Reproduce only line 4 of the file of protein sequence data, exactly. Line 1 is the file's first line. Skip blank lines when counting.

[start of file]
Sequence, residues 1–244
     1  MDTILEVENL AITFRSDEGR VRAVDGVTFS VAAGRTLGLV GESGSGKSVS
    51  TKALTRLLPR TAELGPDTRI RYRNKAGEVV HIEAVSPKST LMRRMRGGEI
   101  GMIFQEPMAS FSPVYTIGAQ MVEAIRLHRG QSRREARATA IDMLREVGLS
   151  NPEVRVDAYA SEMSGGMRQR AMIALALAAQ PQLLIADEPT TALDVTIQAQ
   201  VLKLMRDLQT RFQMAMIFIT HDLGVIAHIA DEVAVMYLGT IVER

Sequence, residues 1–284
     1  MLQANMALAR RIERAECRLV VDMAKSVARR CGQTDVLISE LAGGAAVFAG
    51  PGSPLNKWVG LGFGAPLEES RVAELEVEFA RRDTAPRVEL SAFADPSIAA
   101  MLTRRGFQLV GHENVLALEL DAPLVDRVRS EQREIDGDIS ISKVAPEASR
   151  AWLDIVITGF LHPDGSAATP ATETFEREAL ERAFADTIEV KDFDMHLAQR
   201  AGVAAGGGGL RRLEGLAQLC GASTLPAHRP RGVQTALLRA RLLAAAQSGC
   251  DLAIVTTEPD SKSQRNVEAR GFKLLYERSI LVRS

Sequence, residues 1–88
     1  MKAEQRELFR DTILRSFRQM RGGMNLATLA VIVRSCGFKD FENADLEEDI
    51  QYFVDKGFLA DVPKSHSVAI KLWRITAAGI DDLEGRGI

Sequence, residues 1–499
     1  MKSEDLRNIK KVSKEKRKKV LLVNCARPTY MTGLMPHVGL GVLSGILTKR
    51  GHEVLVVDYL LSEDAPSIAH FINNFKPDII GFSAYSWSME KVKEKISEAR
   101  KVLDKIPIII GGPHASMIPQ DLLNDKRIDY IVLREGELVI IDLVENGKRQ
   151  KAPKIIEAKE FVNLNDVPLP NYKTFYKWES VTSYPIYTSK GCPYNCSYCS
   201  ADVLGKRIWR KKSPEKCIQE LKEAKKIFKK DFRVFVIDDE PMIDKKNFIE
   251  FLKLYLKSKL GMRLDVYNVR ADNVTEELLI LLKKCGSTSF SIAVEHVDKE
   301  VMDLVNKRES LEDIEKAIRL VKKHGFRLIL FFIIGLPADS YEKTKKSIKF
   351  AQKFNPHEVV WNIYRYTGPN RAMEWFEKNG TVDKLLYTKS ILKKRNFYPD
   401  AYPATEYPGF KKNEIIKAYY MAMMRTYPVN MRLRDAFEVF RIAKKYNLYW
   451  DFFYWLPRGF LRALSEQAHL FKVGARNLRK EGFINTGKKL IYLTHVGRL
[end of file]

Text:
   101  GMIFQEPMAS FSPVYTIGAQ MVEAIRLHRG QSRREARATA IDMLREVGLS